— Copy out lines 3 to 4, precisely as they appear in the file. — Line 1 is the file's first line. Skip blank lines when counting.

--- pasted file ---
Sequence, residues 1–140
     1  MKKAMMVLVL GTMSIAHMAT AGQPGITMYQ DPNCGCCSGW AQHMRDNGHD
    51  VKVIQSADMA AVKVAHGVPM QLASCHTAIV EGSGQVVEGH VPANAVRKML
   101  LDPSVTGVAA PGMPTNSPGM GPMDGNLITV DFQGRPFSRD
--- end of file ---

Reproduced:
    51  VKVIQSADMA AVKVAHGVPM QLASCHTAIV EGSGQVVEGH VPANAVRKML
   101  LDPSVTGVAA PGMPTNSPGM GPMDGNLITV DFQGRPFSRD